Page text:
Strömholm ‘s Transsexuals: Les Amies de Place Blanche
Christer Strömholm (1918-2002) was ‘the father of Swedish photography’. A talented and influential photojournalist, he favoured direct contact with his subjects. He never ‘stole’ candid pictures and instead always had a relationship of some kind with the person or people he was photographing.
For over a decade, beginning in 1958, Strömholm documented the lives of a group of transsexual women (male-to-female) living in an area of Paris called the Place Blanche. His body of work is remarkable. In 2011 Aman Iman Publishing in Paris republished it as as Les Amies de Place Blanche. The price is a very reasonable 45 Euros.There is no other body of work that compares to Strömholm’s in this field. His work with transsexuals lasted over ten years and he involved himself so deeply in their lives. They remembered him fondly and two of the survivors, who were by then elderly transwomen, attended his funeral; they had kept in touch with him throughout his life.
This contrasts with, say, Cartier-Bresson’s approach. While Strömholm used the camera as a tool of social inclusion, bringing the subject’s life into the lens and through that to the viewer, Cartier-Bresson saw humanity in a much more detached manner; people were just a part of his grand artistic scheme. Strömholm had the passionate eye of a journalist while Cartier-Bresson’s was cool and detached, like that of a designer.
The finest years.
Arguably the finest years of Strömholm ‘s creative life were those he spent living in Paris from 1959. During this time he studied many areas of the city, he was fascinated by sex and sexuality throughout. As a result of this he gravitated to the Place Blanche, an area where transsexual prostitutes and showgirls lived and worked.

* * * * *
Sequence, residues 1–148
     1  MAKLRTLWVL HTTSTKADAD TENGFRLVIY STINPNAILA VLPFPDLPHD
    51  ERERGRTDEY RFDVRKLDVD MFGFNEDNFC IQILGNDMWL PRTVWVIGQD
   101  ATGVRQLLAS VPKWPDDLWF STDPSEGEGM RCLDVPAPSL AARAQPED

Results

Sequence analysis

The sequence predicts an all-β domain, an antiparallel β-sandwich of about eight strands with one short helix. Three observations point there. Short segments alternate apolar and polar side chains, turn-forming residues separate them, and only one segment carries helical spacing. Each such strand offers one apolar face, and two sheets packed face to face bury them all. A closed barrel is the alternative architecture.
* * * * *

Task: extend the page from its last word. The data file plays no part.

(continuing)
Strömholm photographed people he knew and who agreed to be photographed. This meant that the subjects of his pictures were only a few of the area’s complement of what would today be called ‘gender non-conforming’ (gnc) individuals. These ranged from effeminate gay men, through feminine gay boys to transsexuals and even a few autogynephilic transgenders and transvestites.
It’s an all-too common fallacy that transsexualism is somehow a recent phenomenon. Actually it’s ancient and has been recorded since the beginning of writing. Strömholm followed in the traditions of earlier photojournalists like Brassai, Cartier-Bresson and Charbonnier. Like them he was attracted to and photographed the glamorous transsexual and homosexual people of Paris. However, Strömholm was the only one to focus on them so deeply and for so long.
Good journalism is never just a technical exercise, nor is good photography. As journalists, we tell stories, and as photojournalists our pen is a camera. While each picture tells its own story, together they form a narrative.
Strömholm recorded a lifestyle full of vibrancy and brilliance that somehow managed to survive the exigencies and social pressures it was under.
The pictures in this portfolio are made with more than journalistic passion for narrative and more than a photographer’s precision in composition, exposure and focus too. There is an intimacy and a warmth in these pictures that only comes from deep sympathy. They are like pictures of our beloved ones.
The reality of life.
Transsexual people today, in the West, are beset on all sides. Paradoxically, in some ways this is worse now than it was in the 1960s.
society’ they face discrimination, incomprehension and opprobrium. At the same time ‘egalitarian’ cloned, accommodationist gay ‘men’ regard them as traitors to the cause. Perhaps most galling of all, autogynephilic transgenders and transvestites colonise their identity and erase them whenever they can.
Yet when they are free to be themselves they are the best company there is and the best friends that could be. They are beautiful people. I think, looking at these pictures, that Strömholm really loved them.
The collected pictures were published in 1983 as VÄNNERNA FRÅN PLACE BLANCHE but this edition is now a collector’s item. It was republished in 2011 as Les Amies de Place Blanche by Aman Iman Publishing in Paris, priced at a very reasonable 45 Euros.
All Pictures © Christer Strömholm & Estate
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